Seminars at the Working Lives Research Institute

12 11 2010

After a long abscence – here are some interesting upcoming events in London:

There is a series of seminars at the Working Lives Research Institute scheduled for the 25th-27th November. These Seminars are free, open to all, and there is no need to register.

*First Seminar*: Thursday 25/11/2010 from 1.00 – 2.30 pm *‘Oral History – Theory and Practice’*

Speaker: Professor Joanna Bornat

Joanna Bornat is emeritus professor of oral history at the Open University where her teaching included topics in ageing and social policy as well as oral history. She is also visiting professor at the University of Leeds. Her most recent research interests are both empirical and methodological and include the experiences of overseas-trained South Asian geriatricians in the NHS, the oldest generation and family life, the re-use of archived qualitative data and comparative oral history.

Venue : JS3-95, 31 Jewry Street, London metropolitan University, London EC3N 2EY Map here

Second Seminar: Thursday 25/11/2010 from 4:30 – 6:30 pm *’A different politics is possible: community organising and the living wage’*

Speaker : Deborah Littman

Today trade unions are facing an unprecedented assault on their power to shape the economic and political agenda. In response, we are reaching out beyond the workplace to build links between unions and communities. This is not really a new idea, but a return to something that was an inherent part of the trade union movement at its outset. Using the living wage campaign as an example of successful union/community campaign, this session will explore the principles behind community alliances.

Deborah Littman is a National Officer for UNISON specializing in bargaining research and campaigning on low pay and living wage. Deborah has helped UNISON to build alliances with local community organisations working on living wage campaigns. She is Vice-Chair of the Trustees of London Citizens, a broad-based alliance of community organisations and trade union branches, and sits on the Advisory Committee of the Trust for London Special Initiative on Living Wage. To advance living wage campaigns, Deborah has commissioned, supported and coordinated a range of research projects that focus on the real costs of low pay to UNISON members and the wider community. She has written and spoken on the issues of poverty, low pay, minimum and living wage.

Venue: JS3-95, 31 Jewry Street, London Metropolitan University, London EC3N2EY Map here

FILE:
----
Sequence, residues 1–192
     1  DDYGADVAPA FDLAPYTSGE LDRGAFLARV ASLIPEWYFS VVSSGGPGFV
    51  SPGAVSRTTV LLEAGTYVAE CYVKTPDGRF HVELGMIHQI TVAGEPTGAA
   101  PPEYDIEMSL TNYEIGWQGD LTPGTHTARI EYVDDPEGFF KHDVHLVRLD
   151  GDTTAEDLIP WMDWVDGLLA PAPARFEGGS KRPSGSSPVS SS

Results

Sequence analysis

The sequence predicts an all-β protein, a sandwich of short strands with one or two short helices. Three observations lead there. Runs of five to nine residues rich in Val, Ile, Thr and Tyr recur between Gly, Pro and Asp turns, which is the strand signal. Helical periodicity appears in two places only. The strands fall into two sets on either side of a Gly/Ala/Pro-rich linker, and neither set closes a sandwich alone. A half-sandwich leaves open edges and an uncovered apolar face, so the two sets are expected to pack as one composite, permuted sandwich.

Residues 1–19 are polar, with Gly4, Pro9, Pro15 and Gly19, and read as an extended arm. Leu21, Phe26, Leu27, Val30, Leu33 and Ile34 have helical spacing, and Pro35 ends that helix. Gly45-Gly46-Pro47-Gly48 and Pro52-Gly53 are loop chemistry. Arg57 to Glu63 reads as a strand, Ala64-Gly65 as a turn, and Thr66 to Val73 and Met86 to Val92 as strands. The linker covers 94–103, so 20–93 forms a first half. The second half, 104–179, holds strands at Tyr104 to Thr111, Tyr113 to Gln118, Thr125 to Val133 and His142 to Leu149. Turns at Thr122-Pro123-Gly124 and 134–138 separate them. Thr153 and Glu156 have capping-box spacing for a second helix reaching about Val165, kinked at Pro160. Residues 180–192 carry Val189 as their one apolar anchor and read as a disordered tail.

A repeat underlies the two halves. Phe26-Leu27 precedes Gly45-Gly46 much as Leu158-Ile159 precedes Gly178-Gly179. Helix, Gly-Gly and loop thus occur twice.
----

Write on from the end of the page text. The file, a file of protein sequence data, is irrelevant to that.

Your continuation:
Third Seminar: Friday 26/11/2010 from 12.30 – 2:00 pm ‘Abstract Labour in the twenty-first century: Work and Employment in Distribution and Warehousing’

Speaker: Kirsty Newsome

This seminar examines the ‘politics of production’ within grocery warehouse and distribution, in doing so it also highlights the complex connections and linkages between logistics companies and their dominant customers. It is concerned with exploring how employment change with grocery distribution and warehousing necessarily involves mapping these linkages and examining how and in what ways they impact on capital: labour relations. Kirsty Newsome is a senior lecturer in the department of Human Resource Management at the University of Strathclyde. She is also a Research Affiliate at the Institute for Research on Labor and Employment at UCLA, Los Angeles. Her recent research interests (with colleagues Professor Paul Thompson and Johanna Commander) have been concerned with exploring employment and labour process change in the supermarket supply chain.

Venue: JS1-41, 31 Jewry Street, London metropolitan University, London EC3N 2EY

*Fourth Seminar:* Saturday 27/11/2010 from 9:30 am – 11:00 am *‘Understanding the role of the labour movement in Nigeria: NLC – a catalyst for social movement unionism’ *

Speaker: Dr Michael Oyelere

In order to understand the development of labour movements especially the Nigeria Labour Congress (NLC), which emerged in Nigeria as the sole umbrella trade union centre during an authoritarian military rule, we need to examine not only the conventional practices of work and employment conditions, industrial and economic developments but also the unconventional activities that are in practice as a result of authoritarian rule and corruption, which permeate the polity. The activities of the NLC depict those of modern trade unionism and civic society or human right groups. Based on the experience of NLC, this presentation will illuminate trade unions action in Nigeria during military rule that spanned about two decades 1983 – 1999. This was realised through exploring the origins, emergence and developments of social movement unionism under the reformist military regimes. The presentation concludes with examination of the future of NLC as a social movement union especially given the successful transition to civil rule in 1999.

Michael Oyelere is Lecturer in HRM, in the European Business School London. Michael’s current research interests centre on the systematic testing and development of contemporary institutional theory.Also on recent trends in corporate governance and international politics. Michael is a member of British University Industrial Relations Association (BUIRA),

Venue: Goulston Street, London metropolitan University, Room GSG-17 Map here

These Seminars are free, open to all, and there is no need to register. Contact Jawad Botmeh in JS2-77 for further information on 0207320 3042 j.botmeh@londonmet.ac.uk or visit our website

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